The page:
Furthermore, the NEB recognises the importance of cultural integration in fostering social cohesion. By celebrating diversity and promoting intercultural exchange, projects like community gardens, multicultural centres, and public art installations bridge divides and create common ground for dialogue and understanding.

The NEB represents more than just a design movement – it is a catalyst for social change, paving the way for a more inclusive, equitable, and cohesive Europe.

The New European Bauhaus’ Impact and Future

Since its inception, the NEB has sparked a wave of creativity and innovation across the continent. From the cobblestone streets of Lisbon to the bustling avenues of Berlin, architects, designers, and thinkers have rallied behind its call for sustainability, inclusivity, and aesthetic excellence. Yet, its impact transcends mere aesthetics; it is about redefining the very essence of design. The movement has demonstrated the tangible benefits of integrating sustainability into urban planning and architecture. By engaging communities in the design process, it has fostered a sense of ownership and pride, transforming once-neglected spaces into vibrant hubs of activity.

However, the road to revolution is fraught with challenges. Despite its lofty ambitions, the NEB faces formidable obstacles on its path to realisation. Funding constraints, bureaucratic red tape, and diverging national agendas threaten to stifle its momentum and undermine its impact. 

Undeniably, the European Union has substantial power in shaping policies that concern environmental protection, energy efficiency, and infrastructure development. However, when it comes to housing policies and urbanism, the EU sees its hands tied. Therefore, while the NEB can influence and inspire new ideas and projects in the architectural and urbanist domain, it is left only as an encouragement for member states to work together and share examples of good practices.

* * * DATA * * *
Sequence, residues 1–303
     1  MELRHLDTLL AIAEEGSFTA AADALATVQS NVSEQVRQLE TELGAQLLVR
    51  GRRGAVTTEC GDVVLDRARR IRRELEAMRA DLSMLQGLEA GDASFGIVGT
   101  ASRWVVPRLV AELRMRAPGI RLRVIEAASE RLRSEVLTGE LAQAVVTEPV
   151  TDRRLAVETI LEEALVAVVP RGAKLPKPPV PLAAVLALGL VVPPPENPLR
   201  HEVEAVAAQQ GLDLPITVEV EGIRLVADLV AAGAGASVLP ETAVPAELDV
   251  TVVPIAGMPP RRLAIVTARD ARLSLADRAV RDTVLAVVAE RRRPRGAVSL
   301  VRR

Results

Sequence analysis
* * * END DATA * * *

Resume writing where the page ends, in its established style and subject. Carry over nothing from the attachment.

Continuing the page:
At the same time, the NEB initiative’s launch has been overshadowed by political turbulences, national imperatives of economic recovery, or emergencies that hoarded the attention of the broad public and decision-makers. Although the goals the NEB pursuits resonate with government ideals of targeting issues that impact the lives of their citizens, they are often left behind in the context of a cacophony of crises and concerns.

Yet, despite these challenges, the New European Bauhaus remains a beacon of hope for a brighter future. As we stand on the precipice of a new era, its principles of sustainability, inclusivity, and innovation are more relevant than ever. By harnessing the power of design to shape our built environment and transform our communities, it offers a glimpse of what tomorrow could be. As the sun rises on a new day, let us not forget the lessons of the past nor the promise of the future. The New European Bauhaus is not merely a movement; it is a call to action, a rallying cry for change. Together, let us shape tomorrow’s world – one design at a time.

Rocio Rivera is a master student at the Institute of European Studies.

(Edited by Luka Krauss)